If you’re really worried about indoor allergens or have asthma sufferers in the house then you should inquire about the formaldehyde levels in your units. Many kitchen carcasses are made from plywood but by ensuring that they’re classed as E1 then they’ll have the lowest levels of formaldehyde and won’t pollute your kitchen space. Also, use low VOC paints for cabinetry (see my 22nd November post on Eco Paints Demystified) and check out Sustainable Kitchens who build beautiful, eco friendly kitchens from sustainably sourced wood and plywood. Devol also have their Sebastian Cox range which is made entirely from British sourced woods.

Photo by deVOL Kitchens – Sebastian Cox kitchen

Buy energy efficient appliances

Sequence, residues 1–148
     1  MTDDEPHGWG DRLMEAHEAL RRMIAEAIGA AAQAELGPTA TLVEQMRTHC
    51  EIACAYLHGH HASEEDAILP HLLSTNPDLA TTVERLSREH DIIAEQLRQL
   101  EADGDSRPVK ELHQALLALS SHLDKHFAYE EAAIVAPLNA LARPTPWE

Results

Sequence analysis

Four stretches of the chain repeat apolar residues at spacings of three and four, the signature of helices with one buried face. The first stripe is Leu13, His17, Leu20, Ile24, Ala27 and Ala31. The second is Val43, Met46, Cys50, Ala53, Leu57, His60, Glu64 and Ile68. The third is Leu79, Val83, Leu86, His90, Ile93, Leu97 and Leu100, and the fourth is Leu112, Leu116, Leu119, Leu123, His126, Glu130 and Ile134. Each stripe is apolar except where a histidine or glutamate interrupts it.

With the number of appliances in kitchens increasing and the ever rising cost of electricity, choosing energy efficient appliances is both good for the planet and for your bank balance. Appliances are rated from A+++ (most efficient) to D (least). Which? undertake energy assessments of appliances and label the most efficient ones as Energy Savers. The most important appliances to ensure are energy efficient are fridges, freezers and ovens.

Fridges and freezers are switched on all the time and use about 20% of the electricity in an average house. Since 2012 all fridges and freezers must have an energy rating of at least A+ but the difference in energy consumption between an A+ and an A+++ fridge can amount to £190 over its lifetime. It’s also possible to buy fridges with an energy saving holiday mode. Similarly, an A+++ electric oven will use 60% less energy than a B rated one so it really does make economic sense to buy the more energy efficient model even if it is a bit more expensive. A final note on these energy guzzling appliances is don’t oversize them because larger appliances consume significantly more energy than smaller ones and in the case of ovens take considerably longer to heat up.